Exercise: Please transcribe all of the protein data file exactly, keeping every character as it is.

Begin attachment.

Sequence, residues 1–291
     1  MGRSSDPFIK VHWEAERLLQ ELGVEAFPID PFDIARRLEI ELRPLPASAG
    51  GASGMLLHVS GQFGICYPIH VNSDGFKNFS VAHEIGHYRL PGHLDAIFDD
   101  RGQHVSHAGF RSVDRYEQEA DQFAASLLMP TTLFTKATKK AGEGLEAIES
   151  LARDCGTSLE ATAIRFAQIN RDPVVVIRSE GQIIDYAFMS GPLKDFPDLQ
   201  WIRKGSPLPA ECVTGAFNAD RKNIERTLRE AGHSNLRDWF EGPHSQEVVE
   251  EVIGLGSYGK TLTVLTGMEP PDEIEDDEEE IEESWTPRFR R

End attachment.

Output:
Sequence, residues 1–291
     1  MGRSSDPFIK VHWEAERLLQ ELGVEAFPID PFDIARRLEI ELRPLPASAG
    51  GASGMLLHVS GQFGICYPIH VNSDGFKNFS VAHEIGHYRL PGHLDAIFDD
   101  RGQHVSHAGF RSVDRYEQEA DQFAASLLMP TTLFTKATKK AGEGLEAIES
   151  LARDCGTSLE ATAIRFAQIN RDPVVVIRSE GQIIDYAFMS GPLKDFPDLQ
   201  WIRKGSPLPA ECVTGAFNAD RKNIERTLRE AGHSNLRDWF EGPHSQEVVE
   251  EVIGLGSYGK TLTVLTGMEP PDEIEDDEEE IEESWTPRFR R